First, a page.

'Book Value

Getting Settled in with the Unibody MacBook

Charles Moore - 2009.03.24 - Tip Jar

I'm into my second week using the 2 GHz Unibody MacBook for production work and things are going reasonably well.

It's Fast

The machine has so far proved very stable and seems comfortable running my suite of production applications with the standard 2 GB of RAM. I still plan to max it out to eventually, but it definitely feels like it's breathing easier than the 1.33 GHz G4 PowerBook with 1.5 GB of memory has for the past year or so. I expect that the faster processor and video accelerator contribute to that impression.

With the PowerBook, I would perceive things slowing down as the virtual memory swap files accumulated and hard drive accessing increased after two or three days of uptime. There are six swap files in the var/vm folder after nine days of uptime on the MacBook as well, but slowdowns from accessing them are not notably perceptible. I expect that the 5400 RPM hard drive (as opposed to the 4200 RPM unit in the PowerBook) helps with that.


There have been some adjustments and annoyances - getting used to being without Eudora Classic being the biggest. I'm getting used to Thunderbird, but not liking it a whole lot more with familiarity. It works, but many routine tasks that were so easy and slick with Eudora take more steps and are more tedious. It does, however, do a much nicer job of rendering HTML email.

Actually, I still have access to my email files in Eudora Classic - the program starts up and runs; it just refuses to send messages over my dialup connection through the Apple USB modem.

Slow Dialup

Speaking of which, the USB modem has proved reliable so far, but I do notice that throughput with this setup (I'm not sure the modem itself is to blame) isn't as lively (so to speak - I get 26,400 bps connections) as it is with the PowerBook G4 or even the old Pismo PowerBooks.

The Slipstream Dial-Up Accelerator software I've been renting from my ISP for five bucks a month for the past 18 months or so refuses to work on the Intel machine. I phoned tech support and got a dismissive and terse "not compatible, sorry" response from the agent I spoke with, so I canceled the service, which was only marginally satisfactory anyway. The operative theory behind the software is that it compresses - and therefore degrades - the quality of webpage images to varying degrees, depending upon how much speed (i.e.: compression) you specify using a slider on the interface window. To get substantial improvement, you really have to nuke the image resolution.

Opera Turbo Preview

Happily, Opera released a public preview of their Opera Turbo browser last week. Turbo uses a server-side optimization and compression technology that, like the Slipstream Dialup Accelerator, speeds up data transfer by reducing the amount of data that needs to be downloaded in order to view pages by up to 80%, thereby providing significant improvement in browsing speeds over limited-bandwidth connections like mine, although it is mainly targeted to smartphone users on slow connections.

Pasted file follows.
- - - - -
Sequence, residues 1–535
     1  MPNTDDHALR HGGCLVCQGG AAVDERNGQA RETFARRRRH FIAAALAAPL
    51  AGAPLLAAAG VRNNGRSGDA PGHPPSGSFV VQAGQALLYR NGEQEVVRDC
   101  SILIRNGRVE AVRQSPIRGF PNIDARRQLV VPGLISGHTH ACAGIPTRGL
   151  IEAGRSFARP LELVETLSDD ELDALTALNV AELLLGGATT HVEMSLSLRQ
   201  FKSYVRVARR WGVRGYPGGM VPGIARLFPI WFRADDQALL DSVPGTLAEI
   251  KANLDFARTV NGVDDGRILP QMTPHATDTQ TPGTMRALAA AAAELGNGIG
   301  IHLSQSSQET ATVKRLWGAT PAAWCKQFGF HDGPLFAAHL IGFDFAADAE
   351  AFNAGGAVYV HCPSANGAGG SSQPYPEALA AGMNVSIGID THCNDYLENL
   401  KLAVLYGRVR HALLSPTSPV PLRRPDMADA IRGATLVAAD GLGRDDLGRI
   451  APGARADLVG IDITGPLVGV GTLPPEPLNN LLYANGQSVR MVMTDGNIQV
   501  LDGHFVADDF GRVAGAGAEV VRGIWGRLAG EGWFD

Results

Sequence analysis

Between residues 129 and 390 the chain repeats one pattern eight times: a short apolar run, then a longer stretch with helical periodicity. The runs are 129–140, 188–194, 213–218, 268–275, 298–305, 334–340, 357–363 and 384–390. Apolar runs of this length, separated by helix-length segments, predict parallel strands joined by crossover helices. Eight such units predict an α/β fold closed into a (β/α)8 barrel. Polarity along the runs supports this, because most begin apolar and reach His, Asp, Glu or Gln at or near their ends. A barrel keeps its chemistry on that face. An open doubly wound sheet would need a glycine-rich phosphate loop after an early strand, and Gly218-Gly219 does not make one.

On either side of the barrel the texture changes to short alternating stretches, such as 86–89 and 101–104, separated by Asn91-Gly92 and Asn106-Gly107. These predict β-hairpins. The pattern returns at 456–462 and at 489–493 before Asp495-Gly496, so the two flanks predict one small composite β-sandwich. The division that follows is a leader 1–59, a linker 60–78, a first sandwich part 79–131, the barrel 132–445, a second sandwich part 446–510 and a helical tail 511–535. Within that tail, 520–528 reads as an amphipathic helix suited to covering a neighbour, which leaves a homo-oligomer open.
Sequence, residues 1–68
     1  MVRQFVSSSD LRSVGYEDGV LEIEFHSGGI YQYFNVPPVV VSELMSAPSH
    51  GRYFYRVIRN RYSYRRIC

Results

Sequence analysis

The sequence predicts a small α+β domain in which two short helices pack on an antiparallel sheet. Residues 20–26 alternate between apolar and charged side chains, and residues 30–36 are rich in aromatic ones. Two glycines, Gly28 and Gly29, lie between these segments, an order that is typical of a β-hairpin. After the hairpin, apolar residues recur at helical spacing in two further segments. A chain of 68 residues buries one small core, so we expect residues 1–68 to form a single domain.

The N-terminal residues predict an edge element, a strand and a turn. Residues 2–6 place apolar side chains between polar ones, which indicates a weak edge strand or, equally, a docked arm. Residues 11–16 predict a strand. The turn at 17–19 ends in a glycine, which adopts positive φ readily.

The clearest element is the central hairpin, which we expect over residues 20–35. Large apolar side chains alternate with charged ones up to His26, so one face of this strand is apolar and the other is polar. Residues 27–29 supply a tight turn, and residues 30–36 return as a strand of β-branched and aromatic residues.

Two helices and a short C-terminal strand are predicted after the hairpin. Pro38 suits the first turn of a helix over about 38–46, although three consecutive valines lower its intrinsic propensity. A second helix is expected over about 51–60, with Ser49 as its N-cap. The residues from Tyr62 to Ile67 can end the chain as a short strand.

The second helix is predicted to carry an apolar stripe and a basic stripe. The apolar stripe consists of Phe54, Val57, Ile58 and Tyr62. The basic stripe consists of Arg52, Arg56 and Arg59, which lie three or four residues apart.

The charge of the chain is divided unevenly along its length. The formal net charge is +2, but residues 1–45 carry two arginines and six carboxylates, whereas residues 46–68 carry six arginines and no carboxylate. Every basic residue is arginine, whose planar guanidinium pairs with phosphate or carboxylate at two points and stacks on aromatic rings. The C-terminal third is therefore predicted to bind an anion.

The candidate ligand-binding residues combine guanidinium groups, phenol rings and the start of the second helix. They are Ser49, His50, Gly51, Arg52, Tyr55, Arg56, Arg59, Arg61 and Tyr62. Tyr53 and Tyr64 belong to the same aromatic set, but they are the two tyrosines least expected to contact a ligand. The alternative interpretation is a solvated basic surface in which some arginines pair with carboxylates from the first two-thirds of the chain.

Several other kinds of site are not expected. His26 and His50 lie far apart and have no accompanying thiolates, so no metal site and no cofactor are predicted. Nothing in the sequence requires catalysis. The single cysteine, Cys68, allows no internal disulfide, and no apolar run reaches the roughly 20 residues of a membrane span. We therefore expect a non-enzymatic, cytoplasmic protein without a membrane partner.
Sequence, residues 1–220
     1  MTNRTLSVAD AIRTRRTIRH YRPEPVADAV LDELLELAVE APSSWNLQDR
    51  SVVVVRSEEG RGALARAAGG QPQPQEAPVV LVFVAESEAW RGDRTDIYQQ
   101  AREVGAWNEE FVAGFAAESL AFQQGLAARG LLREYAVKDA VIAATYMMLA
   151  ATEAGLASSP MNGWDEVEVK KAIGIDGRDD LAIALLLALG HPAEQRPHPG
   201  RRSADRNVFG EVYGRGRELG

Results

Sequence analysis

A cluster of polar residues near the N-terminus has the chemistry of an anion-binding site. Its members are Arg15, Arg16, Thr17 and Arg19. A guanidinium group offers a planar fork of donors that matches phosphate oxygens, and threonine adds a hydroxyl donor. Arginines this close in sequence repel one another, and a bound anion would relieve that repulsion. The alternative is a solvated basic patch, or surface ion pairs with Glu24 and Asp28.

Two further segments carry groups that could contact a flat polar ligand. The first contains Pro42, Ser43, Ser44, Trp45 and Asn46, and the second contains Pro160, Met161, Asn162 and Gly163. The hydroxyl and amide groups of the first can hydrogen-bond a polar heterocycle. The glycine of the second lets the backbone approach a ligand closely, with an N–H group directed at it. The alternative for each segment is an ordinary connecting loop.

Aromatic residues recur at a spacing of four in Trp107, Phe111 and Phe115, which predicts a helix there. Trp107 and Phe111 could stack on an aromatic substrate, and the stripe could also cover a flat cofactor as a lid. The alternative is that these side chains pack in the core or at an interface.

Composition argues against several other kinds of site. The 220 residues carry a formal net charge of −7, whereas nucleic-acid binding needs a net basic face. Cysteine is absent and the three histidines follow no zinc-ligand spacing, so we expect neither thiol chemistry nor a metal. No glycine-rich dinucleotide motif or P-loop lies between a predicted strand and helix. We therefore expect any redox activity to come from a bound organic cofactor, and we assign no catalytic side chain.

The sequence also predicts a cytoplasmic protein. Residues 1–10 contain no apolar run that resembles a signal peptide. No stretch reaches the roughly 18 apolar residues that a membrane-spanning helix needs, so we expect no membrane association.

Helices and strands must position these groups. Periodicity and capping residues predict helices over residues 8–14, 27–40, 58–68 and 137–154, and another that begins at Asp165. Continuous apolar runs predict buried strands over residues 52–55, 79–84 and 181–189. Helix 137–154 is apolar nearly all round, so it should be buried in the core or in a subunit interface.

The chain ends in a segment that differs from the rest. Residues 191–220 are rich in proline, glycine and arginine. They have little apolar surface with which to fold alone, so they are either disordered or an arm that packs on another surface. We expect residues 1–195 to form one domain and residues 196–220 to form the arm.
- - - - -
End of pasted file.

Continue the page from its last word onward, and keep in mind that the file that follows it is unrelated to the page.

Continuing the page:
No matter - it works really well, a lot better than the Slipstream accelerator software, and it degrades images less in the bargain. Since Opera is already my favorite browser, it's no hardship using it. The software is alpha-quality at this point and has some compatibility problems on a few sites, but the increase in speed is nothing short of dramatic, especially if I turn the images off altogether. A timely introduction, and it's free.

Opera says Turbo will be part of future desktop versions of their browser, and I can't wait for a fully debugged final version to be released.

You can watch turbo in action in a video linked from the Turbo blog site.

Another Casualty

Another tool that broke was the little Notepad Deluxe mini-database application that I've used for years as a temporary parking space and organizer for work-in-progress research material. The program starts and runs and accepts the registration serial number, but the registration won't "stick" through a quit and restart. Notepad Deluxe hasn't been updated for some time, and evidently development has been terminated, so I guess it's a casualty.

As a replacement, I've found that the freeware text editor Smultron works quite well. What commends Smultron for this task is that it displays all open documents in a list with Quick Look icons to your left, similarly to the iTunes interface, so you can easily switch between documents.

Closing Thoughts

I'm getting along reasonably happily with the smaller display, although it is an adjustment after the 17" screen in the PowerBook - more scrolling on webpages and so forth. The LED backlit display is wonderfully bright, which helps, and I find its glossiness pretty much a non-issue for me. One odd idiosyncrasy, though, is that the brightness setting doesn't stay set and has to be reset from time to time.

On the provisional to-do list for this week are getting an initial Time Machine backup done and installing more software, particularly MacSpeech Dictate.

In general, I'm finding this MacBook a pleasant work tool so far.

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Charles Moore has been a freelance journalist since 1987 and began writing for Mac websites in May 1998. His The Road Warrior column was a regular feature on MacOpinion, he is news editor at Applelinks.com and a columnist at MacPrices.net. If you find his articles helpful, please consider making a donation to his tip jar.

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